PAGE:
By Jean Myles and Lora Myles
Sierra Valley’s Art + Ag Trail event is free event, open to all, involving local artists and area farms, ranches and historic buildings. Visitors can pick up free maps, and may purchase souvenir passports and prize drawing tickets at one of the three trailheads: the Sierraville School, Sierra Valley Farms or the Grange Hall in Vinton. Passports can be stamped at the various ranches or venues on the tour.
The event includes a great deal of the history of the Valley. As members of the Sierra Booster team for the day this year, my daughter and I were the photographer/reporters for the south-west side of the Valley. We were impressed at the multiple-generation families on the ranches, some of them extending to the fifth generation. At the Sierraville School, Retired speech teacher Sara Schoensee was dressed as her multiple-great-Grandmother Rebecca Haymen, who ran a millenary shop in the mid-1800’s. Suzi S. worked in the Sierra Valley school system for 34-years, and retains a wealth of history of Sierra Valley.
Sierra Valley resident Kristi Jamason got the idea for the annual Art & Ag Trail from Sierra Valley resident and furniture designer Brad Greenwood, at an open house that featured his furniture. Kristi felt that she could tie together a tour of Sierra Valley, showcasing the farms and ranches in the valley and artists from in and around the valley. This is the second year for the event. Both events have been extremely successful. License plates from Nevada, Oregon and California were seen at all of the venues. Special guests were newly found family members of a woman from Lake Tahoe. She had been looking for her birth family for over 40 years, and had found them through 23andme. Her new-found family from Australia and Boston were visiting. They spent the day at Art + Ag, and had dinner at the Vinton Grange.
We found Kristi providing information to visitors at Gary Romano’s Sierra Valley Farms on A-23 south of Beckworth. Gary and his family host a Friday Farmers Market during the summer, along with special dinners in one of the farm’s old barns. Chef Sean Conry, the pastry course instructor, and 2 students from the Feather River College Culinary Arts School, were on hand Saturday in Gary’s well-equipped outdoor kitchen, preparing dishes from products from Sage Eggs & Ham of Beckworth and Sierra Valley Farms for lunch and snacks.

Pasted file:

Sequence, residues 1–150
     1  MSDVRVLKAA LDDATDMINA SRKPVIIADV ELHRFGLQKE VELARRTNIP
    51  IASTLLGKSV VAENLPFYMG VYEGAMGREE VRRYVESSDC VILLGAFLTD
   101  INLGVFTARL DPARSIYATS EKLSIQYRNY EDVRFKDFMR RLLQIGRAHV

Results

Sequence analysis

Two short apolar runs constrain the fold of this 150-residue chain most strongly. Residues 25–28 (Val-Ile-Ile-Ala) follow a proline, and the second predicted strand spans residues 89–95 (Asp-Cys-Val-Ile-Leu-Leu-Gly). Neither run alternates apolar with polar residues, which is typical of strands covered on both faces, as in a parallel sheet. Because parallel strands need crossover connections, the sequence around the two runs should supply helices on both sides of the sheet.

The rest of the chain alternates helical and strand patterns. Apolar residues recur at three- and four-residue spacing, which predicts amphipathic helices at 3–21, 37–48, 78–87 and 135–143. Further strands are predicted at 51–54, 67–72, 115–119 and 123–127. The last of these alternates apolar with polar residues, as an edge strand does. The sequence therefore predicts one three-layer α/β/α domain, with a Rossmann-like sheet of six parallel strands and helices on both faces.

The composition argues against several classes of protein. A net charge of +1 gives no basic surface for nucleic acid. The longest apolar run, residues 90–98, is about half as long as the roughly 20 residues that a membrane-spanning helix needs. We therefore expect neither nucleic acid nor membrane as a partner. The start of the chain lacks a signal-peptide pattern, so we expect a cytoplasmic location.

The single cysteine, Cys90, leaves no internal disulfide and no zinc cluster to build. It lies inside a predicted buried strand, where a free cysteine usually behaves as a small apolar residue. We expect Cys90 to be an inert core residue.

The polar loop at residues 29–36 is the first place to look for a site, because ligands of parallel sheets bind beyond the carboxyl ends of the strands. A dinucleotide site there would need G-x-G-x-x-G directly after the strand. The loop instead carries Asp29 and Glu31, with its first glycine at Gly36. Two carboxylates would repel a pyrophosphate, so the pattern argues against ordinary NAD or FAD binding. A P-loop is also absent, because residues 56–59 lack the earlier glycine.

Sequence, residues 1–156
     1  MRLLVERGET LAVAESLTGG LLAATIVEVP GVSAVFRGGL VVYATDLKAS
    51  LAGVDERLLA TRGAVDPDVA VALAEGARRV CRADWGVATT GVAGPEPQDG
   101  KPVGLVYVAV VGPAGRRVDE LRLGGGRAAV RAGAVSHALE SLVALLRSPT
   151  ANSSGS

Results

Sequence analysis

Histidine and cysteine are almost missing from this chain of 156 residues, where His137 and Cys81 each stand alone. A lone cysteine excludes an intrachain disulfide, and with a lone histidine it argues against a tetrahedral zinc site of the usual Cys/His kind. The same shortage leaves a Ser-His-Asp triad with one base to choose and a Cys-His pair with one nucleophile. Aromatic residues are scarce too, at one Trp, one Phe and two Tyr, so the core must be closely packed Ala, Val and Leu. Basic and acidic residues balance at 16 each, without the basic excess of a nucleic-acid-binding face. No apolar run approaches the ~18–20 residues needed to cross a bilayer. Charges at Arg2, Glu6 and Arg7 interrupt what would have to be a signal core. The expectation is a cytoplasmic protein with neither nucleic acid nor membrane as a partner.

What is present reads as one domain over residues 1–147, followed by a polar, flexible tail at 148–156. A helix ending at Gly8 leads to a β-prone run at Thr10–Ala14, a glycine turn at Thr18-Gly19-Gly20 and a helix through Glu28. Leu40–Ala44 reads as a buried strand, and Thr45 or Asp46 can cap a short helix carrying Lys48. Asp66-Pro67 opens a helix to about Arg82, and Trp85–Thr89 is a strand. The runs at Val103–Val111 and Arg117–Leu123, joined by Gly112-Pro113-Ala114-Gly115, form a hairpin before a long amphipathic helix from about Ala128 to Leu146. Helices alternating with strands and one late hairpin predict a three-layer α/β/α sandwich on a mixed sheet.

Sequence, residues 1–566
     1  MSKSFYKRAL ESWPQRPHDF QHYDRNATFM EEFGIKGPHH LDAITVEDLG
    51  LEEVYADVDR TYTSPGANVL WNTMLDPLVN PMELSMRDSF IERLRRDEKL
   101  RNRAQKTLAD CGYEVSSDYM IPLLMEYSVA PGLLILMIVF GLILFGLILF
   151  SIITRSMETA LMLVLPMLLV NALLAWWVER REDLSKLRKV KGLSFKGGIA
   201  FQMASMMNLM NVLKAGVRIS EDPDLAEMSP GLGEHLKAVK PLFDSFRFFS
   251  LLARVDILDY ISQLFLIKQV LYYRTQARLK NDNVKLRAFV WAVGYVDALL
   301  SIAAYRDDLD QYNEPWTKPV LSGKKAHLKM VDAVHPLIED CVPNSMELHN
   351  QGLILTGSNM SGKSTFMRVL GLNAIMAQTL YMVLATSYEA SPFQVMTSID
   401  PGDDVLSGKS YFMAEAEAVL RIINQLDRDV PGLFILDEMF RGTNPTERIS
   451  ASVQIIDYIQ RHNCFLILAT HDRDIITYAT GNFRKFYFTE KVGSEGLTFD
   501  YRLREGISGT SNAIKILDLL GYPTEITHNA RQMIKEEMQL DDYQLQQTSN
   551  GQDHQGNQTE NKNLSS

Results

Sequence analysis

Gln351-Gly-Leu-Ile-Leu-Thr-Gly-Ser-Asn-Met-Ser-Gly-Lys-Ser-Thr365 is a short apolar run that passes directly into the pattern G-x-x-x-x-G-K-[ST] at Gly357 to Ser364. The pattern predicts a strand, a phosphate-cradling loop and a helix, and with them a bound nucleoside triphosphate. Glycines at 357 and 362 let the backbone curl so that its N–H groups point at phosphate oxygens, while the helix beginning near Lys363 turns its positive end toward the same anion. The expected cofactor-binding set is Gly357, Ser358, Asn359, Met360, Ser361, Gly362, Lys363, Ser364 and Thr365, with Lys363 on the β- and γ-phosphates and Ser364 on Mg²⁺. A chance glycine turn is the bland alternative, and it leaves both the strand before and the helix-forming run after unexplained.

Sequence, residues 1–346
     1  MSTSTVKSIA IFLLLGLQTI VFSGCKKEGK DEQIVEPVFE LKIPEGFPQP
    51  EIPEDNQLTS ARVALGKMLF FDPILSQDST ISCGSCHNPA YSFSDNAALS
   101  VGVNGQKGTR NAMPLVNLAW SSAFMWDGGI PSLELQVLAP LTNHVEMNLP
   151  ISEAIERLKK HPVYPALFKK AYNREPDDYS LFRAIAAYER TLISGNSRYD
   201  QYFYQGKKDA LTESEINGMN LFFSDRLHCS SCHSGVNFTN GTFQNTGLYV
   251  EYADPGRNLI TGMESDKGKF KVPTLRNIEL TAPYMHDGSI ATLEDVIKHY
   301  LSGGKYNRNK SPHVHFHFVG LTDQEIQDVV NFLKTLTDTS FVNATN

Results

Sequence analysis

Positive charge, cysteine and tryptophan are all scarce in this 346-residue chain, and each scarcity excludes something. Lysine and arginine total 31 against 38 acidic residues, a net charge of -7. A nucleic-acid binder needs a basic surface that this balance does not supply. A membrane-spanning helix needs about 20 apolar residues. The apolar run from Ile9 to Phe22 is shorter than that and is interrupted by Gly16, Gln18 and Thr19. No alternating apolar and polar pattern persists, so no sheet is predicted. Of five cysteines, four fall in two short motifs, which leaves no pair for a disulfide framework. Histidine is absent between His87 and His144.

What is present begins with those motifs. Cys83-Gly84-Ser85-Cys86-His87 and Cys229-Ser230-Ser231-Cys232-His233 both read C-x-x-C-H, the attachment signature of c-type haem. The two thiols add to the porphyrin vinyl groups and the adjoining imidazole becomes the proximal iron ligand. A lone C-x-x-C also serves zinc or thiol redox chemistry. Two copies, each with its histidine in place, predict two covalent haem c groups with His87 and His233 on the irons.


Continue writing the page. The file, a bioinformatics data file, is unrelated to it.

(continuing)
An amazing amount of work goes on in the background for the event. Kristi worked with the ranches and artists ahead of time, produced directional signs, and assigned the different artists to the ranches. Each artist had handmade items for sale in small booths. Kristi wound up her very long day helping with the dinner, prize awards and auction at the Sierra Valley Grange in Vinton.
At Sierra Valley Farms were Gary Romano, with his books and farm products; Rand Nash, who makes hand-made kayaks at Sierra Valley Boat works; Casey Clark of Rolling Out Clay, a potter from Reno; Judy Dailey, J. Dailey Design, with her wire-wrapped jewelry; and Laurie Monroe of Sage Eggs & Ham. Beautifully embroidered barn quilt dish towels made by Karen Rickman of Loyalton were on sale to raise funds for the event. We also found the embroidered towels at the Sierraville Schoolhouse. Now, I wish I had bought more.
Feather River Land Trust hosted artists, Tyler and Michelle Jacobsen, Plumas Audubon Society, and the Beckwourth Ranger District at the Sierra Valley Preserve, a 2,500-acre property at the headwaters of the Middle Fork Feather River. The property is rich in water, wildlife habitat, meadow wildflowers, a diversity of animals, and has a long legacy of human use. Visitors will experience beautiful vistas, a short nature stroll, and birding opportunities from a cattle corral system converted to a nature preserve trail-head. Visit the Feather River Land Trust for information on the wildlife and natural history of this important headwater valley. Protection of the wetlands and agricultural lands of Sierra Valley safeguards an important California water resource - the Middle Fork of the Feather River. - Nichole Johnson photo